Yeah. Right.

However, with the t:slim, a weekend profile could have alternate correction factors and carb ratios built in, as well as changes in the underlying basal rate.


Oh. Right. But I need to tell you where the genius stepped on his own dick. This near-perfect system is ruined by the fact it can’t be automated. It wouldn’t have taken a bunch of rocket scientists to have added a simple line of code to tell the pump what days of the week a given profile should be active. I hate the fact that profiles have to be manually turned on and off. I work three jobs and my activity level is very different at each job. I wish Tandem had designed the profiles so they could change automatically by day of the week.

Sure. I could do it manually. But I won’t because I’m tired. I’d likely forget to either turn one on or turn one off. Instead, I’m designing a happy-medium profile. One that balances my varying needs to best (safe) advantage. It’s too bad, though. I could have had much better control with the simplest of features, damn it.

Still, for those of you who have your shit together better than I, you can now have a whole new level of control at your fingertips—just a screen tap or two away.

Next week: No pump is accident-proof

Wednesday, January 16, 2013

The longest yard

OK. Technically, it isn’t a yard. It’s 43 inches. So it’s a yard-and-a-fifth. That sounds more like something you’d order at an Irish drive-thru package liquor store than something that deals with diabetes, doesn’t it?

But what I’m talking about this morning is the length of my infusion pump tubing. I prefer sets with long tubes and short 90-degree cannulas. When it comes to cannula length, if you’re lean like me, or athletic and muscular (not like me), then you should use a short cannula—or an angled set. It you are normal, fluffy, or King Size, then you should use the longer cannulas. But when it comes to tubing length, the choice has more to do with lifestyle and wardrobe than anything else.

On the plus side, long tubes let you be more creative about where you place your set and where you carry your pump. But on the negative side, all that extra tubing seems to have a magnetic attraction to passing door knobs and the like. To be blunt and crude, frankly, I like the longer tubing simply so I can leave the pump on my belt or in my pocket when I go to the bathroom. I’m tall enough that I need the long tubing to reach from my stomach to my ankles.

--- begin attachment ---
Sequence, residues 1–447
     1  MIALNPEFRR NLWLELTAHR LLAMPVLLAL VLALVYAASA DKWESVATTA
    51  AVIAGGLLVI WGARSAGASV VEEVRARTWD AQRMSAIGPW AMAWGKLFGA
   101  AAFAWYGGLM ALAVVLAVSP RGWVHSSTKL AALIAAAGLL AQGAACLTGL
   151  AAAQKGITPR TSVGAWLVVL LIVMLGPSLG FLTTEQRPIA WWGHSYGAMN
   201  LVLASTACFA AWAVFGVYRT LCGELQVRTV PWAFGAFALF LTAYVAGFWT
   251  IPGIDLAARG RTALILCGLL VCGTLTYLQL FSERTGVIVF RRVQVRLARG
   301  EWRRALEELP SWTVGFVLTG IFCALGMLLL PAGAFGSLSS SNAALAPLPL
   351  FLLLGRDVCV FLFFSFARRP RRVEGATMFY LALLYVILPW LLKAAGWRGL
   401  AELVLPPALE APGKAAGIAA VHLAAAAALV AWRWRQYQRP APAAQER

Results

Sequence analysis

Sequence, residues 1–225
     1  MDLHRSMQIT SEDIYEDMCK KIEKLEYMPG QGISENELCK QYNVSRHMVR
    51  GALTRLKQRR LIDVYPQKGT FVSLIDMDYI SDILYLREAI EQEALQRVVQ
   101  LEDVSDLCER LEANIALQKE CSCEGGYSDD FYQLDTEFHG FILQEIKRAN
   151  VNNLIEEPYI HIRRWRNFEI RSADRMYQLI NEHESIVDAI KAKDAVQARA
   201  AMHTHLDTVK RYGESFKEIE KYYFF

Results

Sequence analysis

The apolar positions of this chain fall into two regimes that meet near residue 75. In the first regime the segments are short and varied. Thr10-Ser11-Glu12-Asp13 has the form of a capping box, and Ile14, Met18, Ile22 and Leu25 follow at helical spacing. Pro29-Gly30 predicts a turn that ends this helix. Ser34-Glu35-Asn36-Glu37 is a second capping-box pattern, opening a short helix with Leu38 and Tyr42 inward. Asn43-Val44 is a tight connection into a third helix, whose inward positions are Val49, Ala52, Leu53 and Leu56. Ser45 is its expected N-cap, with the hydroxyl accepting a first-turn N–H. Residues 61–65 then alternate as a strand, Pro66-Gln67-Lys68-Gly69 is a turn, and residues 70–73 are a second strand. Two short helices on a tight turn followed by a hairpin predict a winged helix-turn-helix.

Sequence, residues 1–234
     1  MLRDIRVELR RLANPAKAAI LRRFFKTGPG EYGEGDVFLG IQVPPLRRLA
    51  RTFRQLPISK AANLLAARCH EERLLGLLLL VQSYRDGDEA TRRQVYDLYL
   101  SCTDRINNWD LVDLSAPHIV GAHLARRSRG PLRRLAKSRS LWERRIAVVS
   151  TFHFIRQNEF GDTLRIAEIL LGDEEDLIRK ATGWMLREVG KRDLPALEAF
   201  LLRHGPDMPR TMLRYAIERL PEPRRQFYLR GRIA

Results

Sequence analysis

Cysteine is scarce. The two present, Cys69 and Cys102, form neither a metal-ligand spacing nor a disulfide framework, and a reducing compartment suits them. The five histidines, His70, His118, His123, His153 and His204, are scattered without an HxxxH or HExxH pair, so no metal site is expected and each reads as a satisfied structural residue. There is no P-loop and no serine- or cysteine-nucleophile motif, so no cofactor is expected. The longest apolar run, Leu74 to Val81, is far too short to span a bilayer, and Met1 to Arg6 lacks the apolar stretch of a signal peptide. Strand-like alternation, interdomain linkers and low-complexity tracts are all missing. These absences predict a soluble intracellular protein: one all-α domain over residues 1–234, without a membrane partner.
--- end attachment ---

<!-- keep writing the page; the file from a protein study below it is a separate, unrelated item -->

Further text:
But t:slim might cause long tube lovers to re-think their desires. Oh dear… that sounded rather pornographic, didn’t it? Allow me to restate: the t:slim might cause fans of the 43-inch long infusion set tubing to re-evaluate their choice.


Because it’s the longest yard. The t:slim, despite its racy look, is no thoroughbred when it comes to site changes. Here, I’ll take you through the process, and it starts with a luggage tag.

Well, that’s what it looks like anyway. Actually it’s a Goldilocks-perfect tab that goes in a slot at the bottom of the t:slim cartridge. Remember that unlike every other pump ever, the t:slim has done away with the syringe. Even though other pump companies call the insulin-holding/dispensing disposable part of the pump a “reservoir,” it’s really just a syringe. T:slim has broken the mold, however. They have a jet-black rectangular cartridge that slides onto the pump and locks in the way a battery attaches to a laptop.

What’s in the cartridge, you ask?

I’m glad you asked, because the very first thing Rio and I did after the first site change was some Spanish Inquisition-style mad science on the discarded cartridge. I had read that inside the cartridge was a bag-like reservoir for the insulin, and we wanted to see it. The bag is a real reservoir, not a semantic mind game like other pump makers play. The t:slim bag holds a supply of insulin, 300 units worth, and then the machine uses a tiny micro-pump to out pull a unit or so at a time as needed. This is touted as being a great safety feature for two reasons; it’s supposed to assure bubble-free delivery; and it’s a literal, physical barrier between you and a fatal overdose of insulin.

I don’t know if it’s ever happened, but in theory, a traditional pump could freak out and deliver its entire contents to you all at once. I never lost any sleep over this fact when I wore other pumps, and I’m not sleeping any better now that I’m wearing a “safer” pump. After all, in theory, the t:slim could freak out, too, and deliver its entire contents. I’d be just as dead—it would just take a bit longer.